The upcoming Windows 11 update might eliminate the need for a reboot, as “Hot Patching” is said to be introduced soon.

According to a report from Windows Central, Microsoft is in the process of testing an innovative update procedure for Windows 11. This procedure aims to eliminate the need for system reboots when installing security updates through Windows Update. The upcoming feature, known as hot patching, is anticipated to be introduced in Windows 11 24H2 later this year.

Hot patching is not a novel concept for Microsoft, as it has already been utilized in Windows Server operating systems and Xbox consoles. Essentially, hot patching involves dynamically patching the in-memory code of a running process without requiring a restart. Microsoft utilizes Cumulative updates as a foundation to prepare for subsequent security updates, seamlessly integrating them into the operating system without disrupting the running processes. To maintain stability, the baseline is reset with each cumulative update.

Recent developments include the extension of hot patching to non-Azure versions of Windows Server 2022 by Microsoft. This expansion helps clarify the company’s decision to implement this feature in consumer builds of Windows 11.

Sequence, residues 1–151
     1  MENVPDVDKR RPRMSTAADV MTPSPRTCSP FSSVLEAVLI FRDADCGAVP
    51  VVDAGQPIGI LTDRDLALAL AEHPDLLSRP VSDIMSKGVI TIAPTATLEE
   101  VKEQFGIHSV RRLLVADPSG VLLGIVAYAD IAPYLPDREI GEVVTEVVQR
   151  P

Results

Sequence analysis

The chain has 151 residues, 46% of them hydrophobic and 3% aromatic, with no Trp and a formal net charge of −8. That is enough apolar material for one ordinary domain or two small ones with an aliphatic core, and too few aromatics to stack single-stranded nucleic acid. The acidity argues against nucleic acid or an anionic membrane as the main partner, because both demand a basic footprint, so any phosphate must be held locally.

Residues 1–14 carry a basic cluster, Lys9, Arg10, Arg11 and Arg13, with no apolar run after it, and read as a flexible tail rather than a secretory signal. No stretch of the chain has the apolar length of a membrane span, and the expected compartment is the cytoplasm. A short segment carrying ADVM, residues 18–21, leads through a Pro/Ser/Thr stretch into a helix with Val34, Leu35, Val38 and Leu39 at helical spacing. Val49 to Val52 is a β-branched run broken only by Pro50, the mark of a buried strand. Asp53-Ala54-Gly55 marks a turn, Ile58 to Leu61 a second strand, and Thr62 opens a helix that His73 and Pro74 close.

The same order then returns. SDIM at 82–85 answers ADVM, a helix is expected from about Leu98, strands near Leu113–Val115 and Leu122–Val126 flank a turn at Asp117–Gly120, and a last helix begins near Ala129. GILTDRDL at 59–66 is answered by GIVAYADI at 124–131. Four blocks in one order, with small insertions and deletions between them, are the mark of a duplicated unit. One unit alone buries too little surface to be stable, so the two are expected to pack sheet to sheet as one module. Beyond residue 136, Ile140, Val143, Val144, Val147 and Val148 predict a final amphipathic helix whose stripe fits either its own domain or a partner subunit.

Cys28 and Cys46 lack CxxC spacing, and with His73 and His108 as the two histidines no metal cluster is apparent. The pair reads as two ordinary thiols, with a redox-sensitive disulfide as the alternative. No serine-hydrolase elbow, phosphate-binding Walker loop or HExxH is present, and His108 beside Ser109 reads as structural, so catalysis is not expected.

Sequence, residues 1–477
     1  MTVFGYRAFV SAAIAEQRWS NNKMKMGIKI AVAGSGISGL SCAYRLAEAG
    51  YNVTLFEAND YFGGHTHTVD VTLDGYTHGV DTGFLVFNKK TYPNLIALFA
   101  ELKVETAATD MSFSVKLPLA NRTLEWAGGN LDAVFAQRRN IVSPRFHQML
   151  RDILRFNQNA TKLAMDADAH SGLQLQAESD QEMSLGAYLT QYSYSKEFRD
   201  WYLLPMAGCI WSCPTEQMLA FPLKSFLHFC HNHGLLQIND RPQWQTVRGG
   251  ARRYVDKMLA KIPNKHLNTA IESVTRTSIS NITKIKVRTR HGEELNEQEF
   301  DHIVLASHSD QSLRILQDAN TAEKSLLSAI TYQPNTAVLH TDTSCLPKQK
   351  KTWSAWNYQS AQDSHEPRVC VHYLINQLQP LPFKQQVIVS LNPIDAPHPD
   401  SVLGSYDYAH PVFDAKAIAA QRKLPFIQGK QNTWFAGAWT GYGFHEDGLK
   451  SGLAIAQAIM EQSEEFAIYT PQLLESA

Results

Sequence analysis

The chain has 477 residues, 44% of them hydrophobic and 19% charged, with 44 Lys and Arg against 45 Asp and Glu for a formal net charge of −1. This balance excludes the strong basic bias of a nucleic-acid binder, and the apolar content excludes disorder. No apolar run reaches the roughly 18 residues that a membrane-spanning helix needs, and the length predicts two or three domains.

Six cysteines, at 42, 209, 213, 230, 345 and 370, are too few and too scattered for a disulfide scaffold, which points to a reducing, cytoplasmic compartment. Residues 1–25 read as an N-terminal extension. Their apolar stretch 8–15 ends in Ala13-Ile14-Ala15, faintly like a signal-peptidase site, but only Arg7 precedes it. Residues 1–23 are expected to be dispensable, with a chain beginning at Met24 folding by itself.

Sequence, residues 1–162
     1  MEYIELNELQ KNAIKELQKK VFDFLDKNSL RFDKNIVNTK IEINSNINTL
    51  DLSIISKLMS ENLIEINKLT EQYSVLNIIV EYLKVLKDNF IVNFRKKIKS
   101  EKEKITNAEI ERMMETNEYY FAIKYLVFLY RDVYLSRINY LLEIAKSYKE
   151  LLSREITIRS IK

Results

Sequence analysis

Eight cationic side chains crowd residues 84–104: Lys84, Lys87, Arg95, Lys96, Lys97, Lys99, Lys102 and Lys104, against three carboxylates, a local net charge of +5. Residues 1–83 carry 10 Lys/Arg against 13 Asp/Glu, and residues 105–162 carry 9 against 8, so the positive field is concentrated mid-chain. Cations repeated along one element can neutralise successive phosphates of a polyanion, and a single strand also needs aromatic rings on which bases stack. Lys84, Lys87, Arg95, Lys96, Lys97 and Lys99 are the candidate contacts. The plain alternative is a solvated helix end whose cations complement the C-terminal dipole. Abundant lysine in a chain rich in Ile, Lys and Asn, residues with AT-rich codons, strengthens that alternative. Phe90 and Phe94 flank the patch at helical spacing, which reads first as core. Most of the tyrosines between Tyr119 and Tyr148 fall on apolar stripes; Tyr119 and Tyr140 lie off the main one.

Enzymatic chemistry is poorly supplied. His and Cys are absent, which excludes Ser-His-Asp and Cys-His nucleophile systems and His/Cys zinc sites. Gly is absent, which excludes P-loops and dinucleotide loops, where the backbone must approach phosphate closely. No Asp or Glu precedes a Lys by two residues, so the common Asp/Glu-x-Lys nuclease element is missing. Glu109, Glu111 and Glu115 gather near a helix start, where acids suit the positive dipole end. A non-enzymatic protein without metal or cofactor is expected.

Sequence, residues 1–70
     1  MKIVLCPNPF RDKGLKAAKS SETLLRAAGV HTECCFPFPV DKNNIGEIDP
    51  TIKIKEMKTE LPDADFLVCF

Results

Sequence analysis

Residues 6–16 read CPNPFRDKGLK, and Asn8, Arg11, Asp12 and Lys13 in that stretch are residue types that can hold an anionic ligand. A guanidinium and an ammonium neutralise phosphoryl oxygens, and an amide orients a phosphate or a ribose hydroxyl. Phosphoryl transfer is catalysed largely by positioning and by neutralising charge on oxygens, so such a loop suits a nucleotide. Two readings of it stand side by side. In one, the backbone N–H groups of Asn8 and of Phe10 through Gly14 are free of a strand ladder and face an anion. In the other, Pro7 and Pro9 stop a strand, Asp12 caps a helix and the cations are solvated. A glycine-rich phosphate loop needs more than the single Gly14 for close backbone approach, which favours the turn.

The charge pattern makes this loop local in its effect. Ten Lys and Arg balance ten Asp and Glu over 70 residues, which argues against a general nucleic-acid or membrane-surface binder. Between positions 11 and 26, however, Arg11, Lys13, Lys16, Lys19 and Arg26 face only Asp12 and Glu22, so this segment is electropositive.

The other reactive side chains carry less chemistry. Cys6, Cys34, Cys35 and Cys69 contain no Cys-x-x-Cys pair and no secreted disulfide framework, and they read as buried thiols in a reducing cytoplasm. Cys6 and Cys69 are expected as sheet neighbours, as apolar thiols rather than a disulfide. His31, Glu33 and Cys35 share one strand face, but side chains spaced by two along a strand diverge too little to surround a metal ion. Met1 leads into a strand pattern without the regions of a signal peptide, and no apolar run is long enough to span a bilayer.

The new Windows update feature, which allows on-the-fly installations without requiring a reboot, comes with a condition—it activates Virtualization Based Security (VBS). For gamers, this may pose an issue, as VBS is often disabled to optimize system performance, given its known slight impact on speed. Microsoft is presently testing the hot patching feature in the Windows 11 dev channel, specifically with Windows Insiders who have VBS enabled.

The advantage of having more updates without the need for reboots is significant, alleviating the inconvenience of time-consuming Windows updates. Users often experience delays of several minutes during the installation of Windows updates. Hot patching addresses this concern and proves particularly beneficial for users engaged in mission-critical tasks that cannot afford interruptions caused by a system restart.

Windows Central reports that Microsoft aims to incorporate hot patching into standard PCs alongside the 24H2 update. However, there’s a delay in extending support for Arm64 devices, which is expected to be implemented a year later in 2025. Notably, hot patching will be exclusive to security updates. While it remains uncertain if other updates will be adapted for hot patching, the possibility exists if Microsoft identifies a viable implementation method.

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